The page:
The SARS-CoV-2 virus at the origin of the Covid-19 pandemic is one ten-thousandth of a millimeter in diameter. How can such a microscopic organism have such an immense impact on global health?
In the current pandemic, finding the right balance between the protection of public halth and respecting civil liberties has proven to be supremely difficult.
Power, plague and Christianity were closely intertwined in 17th-century New England.
Will the COVID-19 pandemic change the global balance of power? It wouldn't be the first time.
Irrational behaviour during difficult circumstances is rooted in deeper cognitive and evolutionary psychological mechanisms. Many reflect what are called emergency decision and purchasing contexts.
The US response to the coronavirus was slow and problematic, but it also was rooted in a 19th-century way of viewing public health.
Beer was extremely popular in ancient Mesopotamia. Sipped through straws, it differed from today’s beer and was enjoyed by people from all walks of life.
Pandemic policy experts offer 10 recommendations that could reduce the risk that a bad flu season on top of the COVID-19 pandemic will overwhelm hospitals.
The coronavirus pandemic isn't the first time an illness has disrupted schooling. In 1937, Toronto schools delayed re-opening for six weeks in response to the polio epidemic.
Test positivity rates measure the success of a testing program. Even though the US performs a huge number of tests, high test positivity rates across the country show that that it still isn't enough.
It is important that procedures surrounding funerals are developed by public health officials alongside traditional and religious authorities.
As Melbourne returns to lockdown, the evidence suggests routine mask-wearing - as seen in many countries but not so far in Australia - could be a valuable tool to help stop the spread of COVID-19.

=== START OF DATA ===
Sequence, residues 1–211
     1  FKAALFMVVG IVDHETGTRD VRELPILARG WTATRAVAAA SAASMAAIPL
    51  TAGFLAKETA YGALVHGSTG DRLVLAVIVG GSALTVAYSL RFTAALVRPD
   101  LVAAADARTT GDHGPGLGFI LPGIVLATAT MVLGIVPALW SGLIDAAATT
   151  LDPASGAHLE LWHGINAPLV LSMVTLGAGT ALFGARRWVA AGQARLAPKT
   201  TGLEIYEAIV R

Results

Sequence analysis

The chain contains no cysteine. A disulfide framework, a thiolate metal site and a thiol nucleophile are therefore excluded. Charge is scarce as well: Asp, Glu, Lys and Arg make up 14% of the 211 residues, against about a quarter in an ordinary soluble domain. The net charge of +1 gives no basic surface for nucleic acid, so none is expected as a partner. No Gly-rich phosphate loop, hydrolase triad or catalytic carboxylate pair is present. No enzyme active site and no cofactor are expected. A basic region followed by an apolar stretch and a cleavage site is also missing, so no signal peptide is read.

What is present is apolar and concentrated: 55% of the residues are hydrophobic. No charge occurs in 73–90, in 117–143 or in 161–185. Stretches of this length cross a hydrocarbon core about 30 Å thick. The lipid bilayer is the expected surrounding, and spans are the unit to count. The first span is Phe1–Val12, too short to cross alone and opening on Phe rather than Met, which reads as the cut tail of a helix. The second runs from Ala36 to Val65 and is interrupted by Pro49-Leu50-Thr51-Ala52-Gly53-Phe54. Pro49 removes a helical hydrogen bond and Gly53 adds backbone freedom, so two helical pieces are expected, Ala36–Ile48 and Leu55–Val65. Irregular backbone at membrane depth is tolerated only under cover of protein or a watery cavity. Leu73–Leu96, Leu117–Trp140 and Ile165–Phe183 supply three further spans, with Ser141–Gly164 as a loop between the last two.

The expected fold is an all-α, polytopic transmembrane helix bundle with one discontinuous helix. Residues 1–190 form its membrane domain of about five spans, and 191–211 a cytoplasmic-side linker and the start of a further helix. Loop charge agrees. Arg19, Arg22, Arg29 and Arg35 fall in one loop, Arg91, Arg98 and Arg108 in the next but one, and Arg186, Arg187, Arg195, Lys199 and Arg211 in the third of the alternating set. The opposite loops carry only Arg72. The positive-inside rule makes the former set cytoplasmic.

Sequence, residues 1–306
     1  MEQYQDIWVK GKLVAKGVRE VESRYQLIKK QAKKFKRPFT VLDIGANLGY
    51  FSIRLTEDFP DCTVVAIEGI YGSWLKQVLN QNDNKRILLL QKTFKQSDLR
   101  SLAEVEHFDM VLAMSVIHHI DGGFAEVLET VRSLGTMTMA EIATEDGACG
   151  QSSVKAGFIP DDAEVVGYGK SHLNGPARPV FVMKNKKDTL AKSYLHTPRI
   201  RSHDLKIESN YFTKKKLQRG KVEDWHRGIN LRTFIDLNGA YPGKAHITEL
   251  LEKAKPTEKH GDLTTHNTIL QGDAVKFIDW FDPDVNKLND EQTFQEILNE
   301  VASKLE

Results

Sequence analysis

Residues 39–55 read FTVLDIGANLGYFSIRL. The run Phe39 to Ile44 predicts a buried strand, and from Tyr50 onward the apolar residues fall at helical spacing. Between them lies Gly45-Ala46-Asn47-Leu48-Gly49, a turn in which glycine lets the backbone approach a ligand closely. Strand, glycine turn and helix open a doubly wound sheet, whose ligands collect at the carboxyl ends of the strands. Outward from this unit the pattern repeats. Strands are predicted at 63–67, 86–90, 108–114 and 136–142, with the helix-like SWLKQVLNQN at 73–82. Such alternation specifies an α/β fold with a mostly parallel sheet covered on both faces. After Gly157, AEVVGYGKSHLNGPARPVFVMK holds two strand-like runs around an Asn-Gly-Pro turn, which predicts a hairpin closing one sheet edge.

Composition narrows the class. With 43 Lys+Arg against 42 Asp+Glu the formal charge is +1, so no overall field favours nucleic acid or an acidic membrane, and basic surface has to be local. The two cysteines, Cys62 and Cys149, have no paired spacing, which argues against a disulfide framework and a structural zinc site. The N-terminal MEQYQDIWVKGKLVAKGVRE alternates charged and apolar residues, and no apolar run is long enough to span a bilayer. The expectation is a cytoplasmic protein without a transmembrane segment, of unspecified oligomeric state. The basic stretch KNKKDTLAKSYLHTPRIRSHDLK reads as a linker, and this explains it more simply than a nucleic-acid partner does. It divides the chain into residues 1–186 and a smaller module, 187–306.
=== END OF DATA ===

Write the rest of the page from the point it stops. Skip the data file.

There's no scientific definition for a wave of disease – and no evidence that the original onslaught of coronavirus in the US has receded much at all.
Public housing towers in Flemington and North Melbourne have been placed under 'hard lockdown', with 3,000 residents confined to home for at least five days, after 23 COVID-19 cases in 12 homes.
A simple computer model shows that safety measures can significantly impact both the exponential spread of COVID-19 and mortality rates.
The pandemic is still raging. Health, money, work, relationships, environment have changed throughout the world, and perhaps permanently so.
Yellow fever, malaria and Ebola all spilled over from animals to humans at the edges of tropical forests. The new coronavirus is the latest zoonosis.
Waves of disease are often accompanied by waves of hate.
There are different types of epidemiological models. Those that rely on understanding of how disease spread are most useful now that most states have passed their peak case numbers.
This week, our experts are looking at the major trends in post-crisis globalisation.